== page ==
“I don’t think I have to tell you,” he said, fingering a new quarter, “how incredibly nervous about this I am.”

She smiled easily and glanced at a few of the people walking past. “You’ll be okay. Trust me. Either nothing will happen, in which case we can either wait for a new opportunity or try to force one, or a good part of this crowd will melt into an egoless stew, and nobody will be able to claim that Farragut had anything to do with it. Come on, flip it.”

He brought his hand up and opened his palm. “Okay. Heads I take Woburn, tails it’s Corbham.”

It was Woburn.

She wished him well, and disappeared into the crowd, close behind a knot of Corbham supporters who were taunting those they passed with the catchphrases they’d been fed by the right-wing media.

Bernard Katzmarek closed his eyes and took a deep breath. He thought about Randolph Carter, and about the shadowy shapes he had encountered on his fictional journey beyond the gates, the guides who had helped to make sense of what was happening to him. Then he stepped into the image, and, as Gina had directed, faced Carter as one of those guides. It was an unsettling feeling, but she had assured him that practicing it beforehand would give him a place to stand when the world closed in on itself and he slipped into the illimitable darkness of the fractal social void.

Emerging from his reverie, he opened his eyes, and realized that more time had passed than he had realized. The crowd had thinned considerably, and echoing waves of concerted voices were falling over one another in the stadium before which he stood.

Steeling himself, he strode forward, and let his ears lead him to the loudest, most insistent source of the carefully crafted catchphrases that expressed the humanity of spreading a social safety net beneath the populace. He started mouthing the lines before he emerged into the vast bowl of the indoor sports stadium, and eagerly gave voice to them as he found a seat. By the time the announcer greeted the assembled crowd, he was unselfconsciously screaming at the people who were just as determinedly denouncing government support as pandering to the fallen. His heart raced, his voice cracked, and his spirits soared.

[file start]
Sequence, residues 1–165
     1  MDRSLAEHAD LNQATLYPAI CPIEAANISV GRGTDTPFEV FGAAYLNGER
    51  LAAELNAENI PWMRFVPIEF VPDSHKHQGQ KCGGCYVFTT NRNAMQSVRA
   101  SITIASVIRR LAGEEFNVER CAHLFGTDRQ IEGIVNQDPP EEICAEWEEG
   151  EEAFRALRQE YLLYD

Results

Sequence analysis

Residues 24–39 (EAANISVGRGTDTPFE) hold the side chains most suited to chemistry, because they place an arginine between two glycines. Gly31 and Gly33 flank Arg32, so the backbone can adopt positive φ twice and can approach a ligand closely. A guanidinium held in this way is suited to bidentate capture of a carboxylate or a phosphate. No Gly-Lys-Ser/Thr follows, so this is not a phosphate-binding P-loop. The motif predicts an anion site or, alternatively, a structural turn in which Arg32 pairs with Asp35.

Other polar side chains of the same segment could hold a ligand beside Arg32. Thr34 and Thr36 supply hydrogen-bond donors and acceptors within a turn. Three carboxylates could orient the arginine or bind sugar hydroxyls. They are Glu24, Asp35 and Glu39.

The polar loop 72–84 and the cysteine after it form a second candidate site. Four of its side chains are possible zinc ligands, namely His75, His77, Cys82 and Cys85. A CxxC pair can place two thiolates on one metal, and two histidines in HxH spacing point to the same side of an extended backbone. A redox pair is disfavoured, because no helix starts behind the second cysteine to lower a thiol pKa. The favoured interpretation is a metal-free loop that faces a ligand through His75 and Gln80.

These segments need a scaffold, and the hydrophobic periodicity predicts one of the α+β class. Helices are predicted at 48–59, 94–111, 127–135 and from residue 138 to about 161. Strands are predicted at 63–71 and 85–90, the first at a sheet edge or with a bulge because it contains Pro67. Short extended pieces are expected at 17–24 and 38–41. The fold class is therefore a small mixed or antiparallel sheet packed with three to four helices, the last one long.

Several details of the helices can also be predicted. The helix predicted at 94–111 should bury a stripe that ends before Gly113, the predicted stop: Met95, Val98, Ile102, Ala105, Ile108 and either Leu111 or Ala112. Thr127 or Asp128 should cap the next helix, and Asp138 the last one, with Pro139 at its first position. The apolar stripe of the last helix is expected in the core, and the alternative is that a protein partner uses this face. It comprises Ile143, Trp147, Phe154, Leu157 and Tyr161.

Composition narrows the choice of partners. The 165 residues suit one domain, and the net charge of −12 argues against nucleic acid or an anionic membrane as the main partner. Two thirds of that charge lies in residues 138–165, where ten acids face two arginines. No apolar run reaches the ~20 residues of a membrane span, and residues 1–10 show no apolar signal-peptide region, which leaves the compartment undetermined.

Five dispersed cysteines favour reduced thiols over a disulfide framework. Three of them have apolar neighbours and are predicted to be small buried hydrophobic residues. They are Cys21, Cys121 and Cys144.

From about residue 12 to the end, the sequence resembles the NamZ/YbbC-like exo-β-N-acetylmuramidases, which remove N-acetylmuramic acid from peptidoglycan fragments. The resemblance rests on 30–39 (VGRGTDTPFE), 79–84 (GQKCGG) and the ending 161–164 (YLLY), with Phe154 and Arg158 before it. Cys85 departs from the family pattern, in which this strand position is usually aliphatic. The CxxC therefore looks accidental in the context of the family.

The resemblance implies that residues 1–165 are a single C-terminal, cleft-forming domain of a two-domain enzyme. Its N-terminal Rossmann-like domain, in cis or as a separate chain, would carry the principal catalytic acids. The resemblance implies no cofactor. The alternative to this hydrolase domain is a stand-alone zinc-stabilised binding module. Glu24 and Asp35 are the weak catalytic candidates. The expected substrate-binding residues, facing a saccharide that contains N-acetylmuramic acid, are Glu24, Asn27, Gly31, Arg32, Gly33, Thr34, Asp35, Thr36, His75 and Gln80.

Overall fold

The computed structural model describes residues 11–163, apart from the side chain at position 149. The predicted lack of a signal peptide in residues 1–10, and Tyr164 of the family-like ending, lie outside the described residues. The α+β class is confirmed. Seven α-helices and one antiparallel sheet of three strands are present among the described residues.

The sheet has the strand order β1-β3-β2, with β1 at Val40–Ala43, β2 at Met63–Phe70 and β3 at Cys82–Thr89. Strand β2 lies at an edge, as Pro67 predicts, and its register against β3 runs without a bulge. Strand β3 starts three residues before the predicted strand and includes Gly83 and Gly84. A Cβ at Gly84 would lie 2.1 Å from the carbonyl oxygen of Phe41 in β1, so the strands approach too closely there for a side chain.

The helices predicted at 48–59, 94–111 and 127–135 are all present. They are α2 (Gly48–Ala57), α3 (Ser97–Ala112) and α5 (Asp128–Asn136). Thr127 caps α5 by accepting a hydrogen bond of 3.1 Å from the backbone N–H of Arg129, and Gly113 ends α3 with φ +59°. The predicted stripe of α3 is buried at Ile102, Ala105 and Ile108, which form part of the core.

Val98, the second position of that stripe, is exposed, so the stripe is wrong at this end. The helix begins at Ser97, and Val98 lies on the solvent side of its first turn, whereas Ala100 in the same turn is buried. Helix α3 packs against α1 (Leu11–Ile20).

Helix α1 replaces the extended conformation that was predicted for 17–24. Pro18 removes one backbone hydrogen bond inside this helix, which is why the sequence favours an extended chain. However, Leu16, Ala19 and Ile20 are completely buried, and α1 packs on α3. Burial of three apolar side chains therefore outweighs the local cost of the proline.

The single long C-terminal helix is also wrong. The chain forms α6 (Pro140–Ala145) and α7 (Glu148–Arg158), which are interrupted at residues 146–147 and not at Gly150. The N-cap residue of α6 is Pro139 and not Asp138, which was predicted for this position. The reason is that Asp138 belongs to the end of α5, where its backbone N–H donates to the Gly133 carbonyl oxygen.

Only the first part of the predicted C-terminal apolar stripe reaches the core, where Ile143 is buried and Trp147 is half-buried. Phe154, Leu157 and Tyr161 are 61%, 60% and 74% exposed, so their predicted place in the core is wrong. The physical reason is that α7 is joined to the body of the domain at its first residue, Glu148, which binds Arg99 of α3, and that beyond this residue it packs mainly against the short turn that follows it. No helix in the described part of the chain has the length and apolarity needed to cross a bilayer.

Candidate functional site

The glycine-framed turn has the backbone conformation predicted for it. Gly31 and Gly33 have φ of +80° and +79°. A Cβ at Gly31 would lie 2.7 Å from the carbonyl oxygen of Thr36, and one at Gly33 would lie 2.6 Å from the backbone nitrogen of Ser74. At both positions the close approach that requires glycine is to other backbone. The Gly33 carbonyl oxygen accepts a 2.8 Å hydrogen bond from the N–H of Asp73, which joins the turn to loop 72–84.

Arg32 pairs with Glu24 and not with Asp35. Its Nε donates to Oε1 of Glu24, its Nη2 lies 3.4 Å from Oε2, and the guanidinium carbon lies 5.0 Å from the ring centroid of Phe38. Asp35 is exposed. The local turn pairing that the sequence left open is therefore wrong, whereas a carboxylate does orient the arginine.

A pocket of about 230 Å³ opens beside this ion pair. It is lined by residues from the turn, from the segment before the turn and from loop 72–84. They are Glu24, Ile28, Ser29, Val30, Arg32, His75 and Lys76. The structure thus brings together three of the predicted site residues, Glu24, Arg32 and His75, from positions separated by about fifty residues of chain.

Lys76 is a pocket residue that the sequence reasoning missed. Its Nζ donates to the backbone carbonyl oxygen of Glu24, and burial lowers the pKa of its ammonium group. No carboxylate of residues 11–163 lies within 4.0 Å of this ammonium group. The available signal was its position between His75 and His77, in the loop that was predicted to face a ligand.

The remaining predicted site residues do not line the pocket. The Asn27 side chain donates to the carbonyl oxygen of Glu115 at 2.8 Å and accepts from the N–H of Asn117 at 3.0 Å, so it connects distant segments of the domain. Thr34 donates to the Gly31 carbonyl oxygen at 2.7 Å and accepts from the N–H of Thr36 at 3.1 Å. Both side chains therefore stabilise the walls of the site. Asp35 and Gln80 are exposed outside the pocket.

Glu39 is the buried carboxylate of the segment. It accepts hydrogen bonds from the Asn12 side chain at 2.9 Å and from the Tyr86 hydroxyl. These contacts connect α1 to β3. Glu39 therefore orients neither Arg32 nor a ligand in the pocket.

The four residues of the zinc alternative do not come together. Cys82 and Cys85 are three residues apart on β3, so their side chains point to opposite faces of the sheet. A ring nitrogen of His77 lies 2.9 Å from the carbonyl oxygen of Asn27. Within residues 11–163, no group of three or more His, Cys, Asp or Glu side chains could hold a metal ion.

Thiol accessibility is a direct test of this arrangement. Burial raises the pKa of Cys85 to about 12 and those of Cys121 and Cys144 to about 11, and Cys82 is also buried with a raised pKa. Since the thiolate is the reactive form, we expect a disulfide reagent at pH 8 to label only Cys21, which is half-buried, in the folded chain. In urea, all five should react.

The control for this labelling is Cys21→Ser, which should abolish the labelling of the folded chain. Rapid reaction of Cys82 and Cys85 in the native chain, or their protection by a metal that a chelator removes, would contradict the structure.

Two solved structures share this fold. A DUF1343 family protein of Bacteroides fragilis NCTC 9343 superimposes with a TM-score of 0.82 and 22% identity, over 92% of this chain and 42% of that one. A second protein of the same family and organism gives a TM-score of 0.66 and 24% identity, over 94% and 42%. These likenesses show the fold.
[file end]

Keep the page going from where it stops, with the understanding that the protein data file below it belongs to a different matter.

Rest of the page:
In the lull, that followed, those around him hastily greeted one another, offering first names and happy handshakes in exchange for the reinforcing camaraderie of communal solidarity, even if it was of the most fleeting and superficial kind. He joined in, split between wholeheartedly embracing the ideological carnage to come, and the feeling that he might soon be reaching out to those around him from the depths of a chasm few would have the faintest hope of comprehending.

Then he thought about Gina Heuff, and he spent a few moments fruitlessly scanning the crowd for a glimpse of her, before realizing that there was no point to it. If what she described really did happen, then he would not only be one with his own past and future self, but with hers and who knew how many others as well. So he sat back, and gave himself to the excitement of the verbal conflict that was getting underway on the wooden floor below, and reflected on the video screens overhead.

Each congressman in turn was given time to address the crowd, and each of them used it to good advantage. The massed gathering played the part that had been predefined for them by echoing the words they’d been fed, and directing their anger at people they might otherwise be sharing a restaurant or an emergency room with.

And then the conflict began in earnest. Because this wasn’t a debate in the usual sense, the combatants were permitted to talk over one another, to interrupt and to fulminate and play to the audience in any way they chose. Both men tore into the conflict like a raptor attacking its chosen prey, and the audience ate it up.